Here's one for the critics. Scenario: You're on a budget, so you're buying in bulk and as cheap as possible. You cut coupons and when you go to bed you consider if it's possible to make your children use cloth rags rather than toilet paper after pissing. Then you stumble across someone with an awesome personality, lots of knowledge and energy – we'll call this person Greta. Greta tells you about the poor, poor, starving children of Asia; the long, exhausting hours that created your low-priced t-shirts; the way Wall-Mart is just stealing customers from small businesses; the poison spewed out over your fresh greens every day by farmers and to top it all off, she goes into depth on the Evils of companies like Monsanto and McDonald's.
To be completely honest, I'm gonna be Greta. Sorry. But bear with me.
It's a moral and economical issue: do you follow Greta's call for you to buy locally produced, fair-trade and organic goods only – or do you penny-pinch? Is it even possible to do both?
I guess, if you live in an area where you're well known and liked, where there's lots of farmers, you could – theoretically – trade goods. ”Give me a five pound bag of your pork, Bill, and I'll make you a gallon of that cider you really like!” That would be cheap, and provided Bill lets his pigs walk outside and gives them only organic food, and you grow your organic apples and make great cider.
However, that idyllic life isn't true for most of us. We live busy lives, often far from farmers. So we must choose. Buying the cheapest cans of tomatoes when they're on sale is of course an option. Buying only the organic canned tomatoes from a Farmer's Market or Co-op is another. Growing and canning your own tomatoes is a third.
But why must we choose? Well, first of all, the world is decidedly heading towards globalism in one form or another. Whether you believe in the New World Order or just think that global-trade is happening, what we do on this side of the globe, affects another in some way. So when that farmer sprays his GMO-corn with Round-Up (don't get me started on Round-Up!), he's not affecting only his farm, his city, his state, his country, but in some way this entire world – probably on a rather miniscule scale though. Actions, therefore, have consequences.
Secondly, to have fresh vegetables all year round, they are often imported or otherwise travel really far. I live in Sweden, is it fair of me to buy African oranges – or even the Spanish ones? Or the ones from Florida, because they tend to show up around Christmas. Do I buy oranges at all? They're grown by a farmer, picked by a worked, loaded onto a truck, driven to a boat or an airport, sailed or flown to my country (or state), loaded onto another truck after spending some time in a warehouse, and then slowly distributed to local stores. That procedure goes for a lot of goods, which produces a lot of greenhouse gases, and since most people own a TV I don't think I need to go on about those.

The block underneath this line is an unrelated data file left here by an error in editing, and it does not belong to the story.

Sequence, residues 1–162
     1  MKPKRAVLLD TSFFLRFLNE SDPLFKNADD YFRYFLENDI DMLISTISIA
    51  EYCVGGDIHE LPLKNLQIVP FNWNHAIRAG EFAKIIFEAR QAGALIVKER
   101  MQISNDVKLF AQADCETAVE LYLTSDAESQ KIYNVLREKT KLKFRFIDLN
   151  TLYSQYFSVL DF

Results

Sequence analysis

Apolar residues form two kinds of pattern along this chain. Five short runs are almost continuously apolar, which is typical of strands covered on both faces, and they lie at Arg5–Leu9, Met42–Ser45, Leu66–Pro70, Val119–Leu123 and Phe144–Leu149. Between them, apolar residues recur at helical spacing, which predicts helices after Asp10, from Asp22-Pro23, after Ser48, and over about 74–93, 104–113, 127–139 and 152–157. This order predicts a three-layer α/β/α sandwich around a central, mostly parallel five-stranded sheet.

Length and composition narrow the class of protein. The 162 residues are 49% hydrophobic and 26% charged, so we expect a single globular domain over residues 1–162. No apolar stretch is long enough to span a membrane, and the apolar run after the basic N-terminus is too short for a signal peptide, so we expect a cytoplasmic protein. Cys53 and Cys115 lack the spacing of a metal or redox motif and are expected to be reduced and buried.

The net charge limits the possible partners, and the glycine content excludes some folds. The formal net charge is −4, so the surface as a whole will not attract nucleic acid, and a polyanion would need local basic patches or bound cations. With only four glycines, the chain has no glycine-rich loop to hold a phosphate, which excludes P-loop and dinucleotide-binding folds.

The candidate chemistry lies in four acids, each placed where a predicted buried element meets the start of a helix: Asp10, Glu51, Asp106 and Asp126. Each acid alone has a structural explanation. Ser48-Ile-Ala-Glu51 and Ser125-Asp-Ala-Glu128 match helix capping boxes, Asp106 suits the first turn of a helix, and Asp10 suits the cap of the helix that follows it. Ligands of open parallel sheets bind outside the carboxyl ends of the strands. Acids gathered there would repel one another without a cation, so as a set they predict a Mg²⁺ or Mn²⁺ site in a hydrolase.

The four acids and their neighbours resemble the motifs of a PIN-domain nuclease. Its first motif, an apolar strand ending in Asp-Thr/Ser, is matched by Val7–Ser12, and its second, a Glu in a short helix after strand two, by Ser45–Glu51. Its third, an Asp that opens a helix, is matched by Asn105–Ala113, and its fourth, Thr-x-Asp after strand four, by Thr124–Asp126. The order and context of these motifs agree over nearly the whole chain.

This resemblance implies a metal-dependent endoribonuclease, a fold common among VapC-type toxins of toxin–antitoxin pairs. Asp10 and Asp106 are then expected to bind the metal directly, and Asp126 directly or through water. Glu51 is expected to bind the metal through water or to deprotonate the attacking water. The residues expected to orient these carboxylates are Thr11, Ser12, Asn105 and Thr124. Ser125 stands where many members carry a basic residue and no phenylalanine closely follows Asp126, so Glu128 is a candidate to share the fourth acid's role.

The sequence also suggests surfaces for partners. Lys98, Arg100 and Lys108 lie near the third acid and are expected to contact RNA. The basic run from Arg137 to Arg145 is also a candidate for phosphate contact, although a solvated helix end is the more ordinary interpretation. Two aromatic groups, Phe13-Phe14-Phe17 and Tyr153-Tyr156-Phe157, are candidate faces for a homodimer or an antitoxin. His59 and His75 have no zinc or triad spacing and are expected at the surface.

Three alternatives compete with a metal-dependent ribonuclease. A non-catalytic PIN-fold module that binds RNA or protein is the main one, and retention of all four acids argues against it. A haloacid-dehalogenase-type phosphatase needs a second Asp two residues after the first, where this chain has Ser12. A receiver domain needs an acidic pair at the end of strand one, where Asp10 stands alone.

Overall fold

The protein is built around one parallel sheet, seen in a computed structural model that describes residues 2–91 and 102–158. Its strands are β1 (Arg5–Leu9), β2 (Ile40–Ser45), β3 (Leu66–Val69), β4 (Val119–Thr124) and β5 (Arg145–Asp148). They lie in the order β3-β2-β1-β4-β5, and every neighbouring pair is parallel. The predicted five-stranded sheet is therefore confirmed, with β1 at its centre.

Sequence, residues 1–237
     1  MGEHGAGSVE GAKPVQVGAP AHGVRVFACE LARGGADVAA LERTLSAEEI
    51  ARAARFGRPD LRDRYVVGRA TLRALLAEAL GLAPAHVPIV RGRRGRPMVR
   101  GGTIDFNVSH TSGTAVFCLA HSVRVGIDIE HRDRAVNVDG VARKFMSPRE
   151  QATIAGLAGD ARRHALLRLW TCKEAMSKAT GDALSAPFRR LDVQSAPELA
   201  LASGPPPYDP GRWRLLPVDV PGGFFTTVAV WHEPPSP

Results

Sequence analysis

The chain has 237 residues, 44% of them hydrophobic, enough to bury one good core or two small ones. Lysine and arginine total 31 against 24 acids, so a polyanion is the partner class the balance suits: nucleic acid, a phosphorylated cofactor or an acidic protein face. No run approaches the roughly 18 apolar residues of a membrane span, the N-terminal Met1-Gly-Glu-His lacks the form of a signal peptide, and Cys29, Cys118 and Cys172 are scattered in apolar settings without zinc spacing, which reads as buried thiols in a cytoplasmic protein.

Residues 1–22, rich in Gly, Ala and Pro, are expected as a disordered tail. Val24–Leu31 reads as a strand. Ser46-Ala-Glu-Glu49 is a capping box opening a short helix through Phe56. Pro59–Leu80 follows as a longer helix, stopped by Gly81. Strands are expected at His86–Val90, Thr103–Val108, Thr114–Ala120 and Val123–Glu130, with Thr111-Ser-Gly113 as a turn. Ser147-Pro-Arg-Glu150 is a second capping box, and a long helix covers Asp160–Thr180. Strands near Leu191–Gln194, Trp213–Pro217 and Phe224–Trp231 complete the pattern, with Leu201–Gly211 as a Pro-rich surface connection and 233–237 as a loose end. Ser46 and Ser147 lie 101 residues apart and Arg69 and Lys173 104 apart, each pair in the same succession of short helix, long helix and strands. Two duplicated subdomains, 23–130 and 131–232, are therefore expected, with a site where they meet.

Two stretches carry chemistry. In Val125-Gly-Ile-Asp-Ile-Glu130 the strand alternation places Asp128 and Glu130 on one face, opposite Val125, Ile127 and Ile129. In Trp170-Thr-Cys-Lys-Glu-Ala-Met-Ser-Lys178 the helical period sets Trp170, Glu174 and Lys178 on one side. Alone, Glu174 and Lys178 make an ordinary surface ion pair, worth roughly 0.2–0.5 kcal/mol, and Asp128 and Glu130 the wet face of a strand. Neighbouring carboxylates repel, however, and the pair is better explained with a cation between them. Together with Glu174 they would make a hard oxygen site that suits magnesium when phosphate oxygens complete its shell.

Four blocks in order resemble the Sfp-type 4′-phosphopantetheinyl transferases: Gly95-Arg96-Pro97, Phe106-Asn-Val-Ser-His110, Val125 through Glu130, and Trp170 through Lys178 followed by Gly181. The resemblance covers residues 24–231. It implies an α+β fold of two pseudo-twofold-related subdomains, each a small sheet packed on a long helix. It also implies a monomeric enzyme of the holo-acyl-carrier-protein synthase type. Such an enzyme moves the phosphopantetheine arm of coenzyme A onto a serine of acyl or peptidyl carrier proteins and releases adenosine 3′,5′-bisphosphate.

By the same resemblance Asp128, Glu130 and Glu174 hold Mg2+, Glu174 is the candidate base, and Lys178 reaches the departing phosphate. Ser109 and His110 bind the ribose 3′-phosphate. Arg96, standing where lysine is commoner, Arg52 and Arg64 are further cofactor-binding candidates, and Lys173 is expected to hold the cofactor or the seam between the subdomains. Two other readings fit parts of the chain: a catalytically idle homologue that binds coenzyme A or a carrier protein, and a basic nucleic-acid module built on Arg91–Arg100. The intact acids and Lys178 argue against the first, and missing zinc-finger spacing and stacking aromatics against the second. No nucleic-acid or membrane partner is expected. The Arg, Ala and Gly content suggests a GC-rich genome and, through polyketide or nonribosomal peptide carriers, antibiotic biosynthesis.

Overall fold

Thirdly, there's the health aspect. Do you know if the tomatoes in your hypothetical can of tomatoes have been sprayed with chemicals – and if so, were they washed properly? Canning does take a lot of heat and pressure, and tomatoes are notoriously acidic, so they're probably not dangerous as such. However, is there long-time exposure to small amounts of chemicals that could be toxic? There's growing research that suggests that we're continuously bombarded with, for one, estrogen and other hormones, or hormone-like substances, which may (or may not) be the cause of some of our modern illnesses. Parabens (http://en.wikipedia.org/wiki/Paraben#Toxicology) were mentioned, I believe, and they're everywhere in soaps, lotions and make-up.
But then again, you're standing there trying to make your family eat for less than that monstrous bill from last month. D'you really care? They're on sale at the low-price store and tomatoes are versatile! Soups, sauces, crock-pots... feel your mouth watering?
The thing is, making a choice is better than pretending it doesn't exist, so that's why I wrote this. Not to convert you to the locally produced, fair-trade, organic-only side (though I may hope, I suppose), but to provoke a thought. I know families on budgets (in the US mainly), who still buy organic-only, but they've had to change their taste-buds and food-choices. Trends go towards very little meat, lots of vegetables and whole grains, beans and eggs for protein and seasonal-shopping. It is quite possible though!
Bio: I'm Daphne, and I'm a service-oriented submissive. I'm from Sweden, which is not to be confused with Switzerland - we don't make clocks or chocolate, nor do we wear leatherhosen. I've been in service for the past four years, to my Owner Mephisto. I love cooking, cleaning and organizing. My passion lies in making my Owner's life as pleasant and smooth as possible. I'm also a strong advocate for organic food without additives and cooking from scratch. I recycle, buy used and don't own a car, to minimize my carbon footprint. I'm studying for a Bachelor's in Culinary Arts and Meal Science